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Evaluating the Health Impacts of Food and Beverage Taxes


Several jurisdictions are now imposing taxes on food and beverages to prevent obesity (and related conditions). Existing evidence concerning their effects comes largely from simulation studies and trials in closed settings, both of which have limitations. Rigorous evaluation of actual taxes may provide richer evidence with greater external validity to support policy making. This article describes existing evaluation studies and outlines an implicit underlying theoretical framework for how taxes are expected to affect health. It then explores three important issues for future studies: selection of an appropriate evaluative perspective (comparing realist and biomedical experimental paradigms); approaches to causal inference; and the challenge of a low signal-to-noise ratio. We argue that evaluation should be informed by a realist perspective as well as making appropriate use of established empirical quasi-experimental approaches to testing causal effects. This should be underpinned by a theoretical framework that acknowledges complexity and the potential diversity of impacts.

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Papers of particular interest, published recently, have been highlighted as: • Of importance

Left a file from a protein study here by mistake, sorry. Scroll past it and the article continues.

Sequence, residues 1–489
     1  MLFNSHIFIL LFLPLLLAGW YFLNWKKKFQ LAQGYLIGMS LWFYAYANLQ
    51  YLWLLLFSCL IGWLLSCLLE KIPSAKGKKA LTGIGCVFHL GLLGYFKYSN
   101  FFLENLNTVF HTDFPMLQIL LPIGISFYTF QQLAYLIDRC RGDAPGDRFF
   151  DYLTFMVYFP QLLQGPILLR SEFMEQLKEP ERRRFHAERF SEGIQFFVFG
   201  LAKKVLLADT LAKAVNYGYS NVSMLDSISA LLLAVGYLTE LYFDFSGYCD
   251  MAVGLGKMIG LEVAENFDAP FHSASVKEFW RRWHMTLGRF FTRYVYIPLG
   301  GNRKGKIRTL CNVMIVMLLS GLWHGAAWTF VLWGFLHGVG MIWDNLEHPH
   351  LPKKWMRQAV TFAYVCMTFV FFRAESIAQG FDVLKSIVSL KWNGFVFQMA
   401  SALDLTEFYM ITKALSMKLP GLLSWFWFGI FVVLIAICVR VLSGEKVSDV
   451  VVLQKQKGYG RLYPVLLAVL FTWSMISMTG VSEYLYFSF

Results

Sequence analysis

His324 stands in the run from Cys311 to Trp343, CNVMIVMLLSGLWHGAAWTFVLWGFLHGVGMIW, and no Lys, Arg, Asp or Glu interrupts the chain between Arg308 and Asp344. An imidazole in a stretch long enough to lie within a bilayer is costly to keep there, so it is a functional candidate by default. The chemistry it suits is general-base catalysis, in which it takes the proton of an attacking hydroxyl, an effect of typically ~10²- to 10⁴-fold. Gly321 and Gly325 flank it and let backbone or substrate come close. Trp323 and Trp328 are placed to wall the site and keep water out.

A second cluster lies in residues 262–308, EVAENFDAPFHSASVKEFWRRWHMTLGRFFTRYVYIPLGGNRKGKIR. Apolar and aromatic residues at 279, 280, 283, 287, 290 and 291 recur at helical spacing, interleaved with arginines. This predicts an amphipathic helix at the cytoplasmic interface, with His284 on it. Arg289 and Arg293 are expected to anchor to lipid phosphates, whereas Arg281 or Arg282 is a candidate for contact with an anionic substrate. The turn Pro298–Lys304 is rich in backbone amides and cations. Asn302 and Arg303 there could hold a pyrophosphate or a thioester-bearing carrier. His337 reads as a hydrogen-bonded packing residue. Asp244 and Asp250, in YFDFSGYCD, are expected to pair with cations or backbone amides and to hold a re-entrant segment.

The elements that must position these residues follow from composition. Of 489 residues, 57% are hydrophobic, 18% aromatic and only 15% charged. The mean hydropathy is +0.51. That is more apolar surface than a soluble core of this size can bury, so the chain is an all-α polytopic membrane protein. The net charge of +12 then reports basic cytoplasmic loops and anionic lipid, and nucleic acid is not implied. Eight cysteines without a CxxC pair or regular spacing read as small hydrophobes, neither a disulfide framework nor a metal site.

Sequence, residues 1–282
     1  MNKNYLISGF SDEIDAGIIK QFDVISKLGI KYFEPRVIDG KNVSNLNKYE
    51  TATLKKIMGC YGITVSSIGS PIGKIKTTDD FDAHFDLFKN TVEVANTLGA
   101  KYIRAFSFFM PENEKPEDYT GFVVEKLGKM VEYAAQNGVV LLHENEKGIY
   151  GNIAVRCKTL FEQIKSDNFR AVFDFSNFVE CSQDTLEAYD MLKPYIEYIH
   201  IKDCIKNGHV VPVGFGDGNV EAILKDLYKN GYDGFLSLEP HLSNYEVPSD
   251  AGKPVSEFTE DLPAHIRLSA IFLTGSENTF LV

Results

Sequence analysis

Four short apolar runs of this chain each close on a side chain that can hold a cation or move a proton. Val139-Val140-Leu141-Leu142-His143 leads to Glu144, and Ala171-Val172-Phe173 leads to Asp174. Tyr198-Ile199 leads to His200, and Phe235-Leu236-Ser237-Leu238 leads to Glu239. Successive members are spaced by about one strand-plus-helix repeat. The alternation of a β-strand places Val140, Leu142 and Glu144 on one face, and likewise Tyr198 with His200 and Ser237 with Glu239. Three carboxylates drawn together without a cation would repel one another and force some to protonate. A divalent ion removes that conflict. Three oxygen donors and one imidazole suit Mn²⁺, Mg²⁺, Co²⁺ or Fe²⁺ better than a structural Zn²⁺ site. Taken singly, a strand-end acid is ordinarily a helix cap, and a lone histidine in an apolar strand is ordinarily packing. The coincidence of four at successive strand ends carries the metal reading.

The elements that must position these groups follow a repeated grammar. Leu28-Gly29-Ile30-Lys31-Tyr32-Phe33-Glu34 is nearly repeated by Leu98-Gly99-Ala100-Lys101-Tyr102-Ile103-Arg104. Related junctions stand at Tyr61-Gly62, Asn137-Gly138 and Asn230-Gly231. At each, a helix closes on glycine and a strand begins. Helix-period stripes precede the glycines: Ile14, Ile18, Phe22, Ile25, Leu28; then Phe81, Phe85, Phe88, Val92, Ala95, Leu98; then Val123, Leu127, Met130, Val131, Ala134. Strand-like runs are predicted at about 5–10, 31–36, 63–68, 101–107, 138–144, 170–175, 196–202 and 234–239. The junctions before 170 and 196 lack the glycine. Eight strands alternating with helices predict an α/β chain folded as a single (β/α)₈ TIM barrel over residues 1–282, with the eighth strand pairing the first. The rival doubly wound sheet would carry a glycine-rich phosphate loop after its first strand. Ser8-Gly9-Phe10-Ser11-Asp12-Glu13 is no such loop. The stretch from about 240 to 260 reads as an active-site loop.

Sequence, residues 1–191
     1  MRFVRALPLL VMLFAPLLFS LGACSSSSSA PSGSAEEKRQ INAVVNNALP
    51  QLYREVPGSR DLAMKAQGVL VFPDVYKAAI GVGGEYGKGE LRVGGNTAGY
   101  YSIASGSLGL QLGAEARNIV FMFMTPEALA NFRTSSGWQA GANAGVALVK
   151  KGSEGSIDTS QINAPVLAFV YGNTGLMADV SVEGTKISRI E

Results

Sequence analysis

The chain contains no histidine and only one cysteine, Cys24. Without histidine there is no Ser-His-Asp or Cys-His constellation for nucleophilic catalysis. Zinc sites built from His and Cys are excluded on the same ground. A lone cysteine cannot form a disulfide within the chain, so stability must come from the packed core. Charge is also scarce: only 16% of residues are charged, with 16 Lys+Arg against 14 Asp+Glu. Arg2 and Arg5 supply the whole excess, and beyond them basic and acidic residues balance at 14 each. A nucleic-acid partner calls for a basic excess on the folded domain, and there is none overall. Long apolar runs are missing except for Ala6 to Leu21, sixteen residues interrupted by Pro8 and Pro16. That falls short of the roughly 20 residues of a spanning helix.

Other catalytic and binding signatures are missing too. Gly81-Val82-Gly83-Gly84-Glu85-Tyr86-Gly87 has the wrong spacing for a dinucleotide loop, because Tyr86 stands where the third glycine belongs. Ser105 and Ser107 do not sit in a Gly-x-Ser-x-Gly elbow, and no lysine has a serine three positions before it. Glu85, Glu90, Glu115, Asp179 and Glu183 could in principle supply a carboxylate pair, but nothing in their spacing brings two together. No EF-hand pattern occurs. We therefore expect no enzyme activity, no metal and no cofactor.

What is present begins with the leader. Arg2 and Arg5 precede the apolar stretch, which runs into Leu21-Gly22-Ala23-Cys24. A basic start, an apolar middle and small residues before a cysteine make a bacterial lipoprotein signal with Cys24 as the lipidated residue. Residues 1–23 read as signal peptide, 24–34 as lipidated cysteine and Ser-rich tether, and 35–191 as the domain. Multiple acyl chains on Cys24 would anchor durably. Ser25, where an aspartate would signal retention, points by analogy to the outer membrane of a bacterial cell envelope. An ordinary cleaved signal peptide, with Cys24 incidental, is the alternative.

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We acknowledge Ian Shelmit for his constructive comments on our thinking in this area.

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Conflict of Interest

Helen Eyles received grants from Heart Foundation of New Zealand and Health Research Council of New Zealand.

Oliver T Mytton and David Ogilvie declare that they have no conflict of interest.

Human and Animal Rights and Informed Consent

This article does not contain any studies with human or animal subjects performed by any of the authors.

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Correspondence to Oliver T. Mytton.

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Mytton, O.T., Eyles, H. & Ogilvie, D. Evaluating the Health Impacts of Food and Beverage Taxes. Curr Obes Rep 3, 432–439 (2014).

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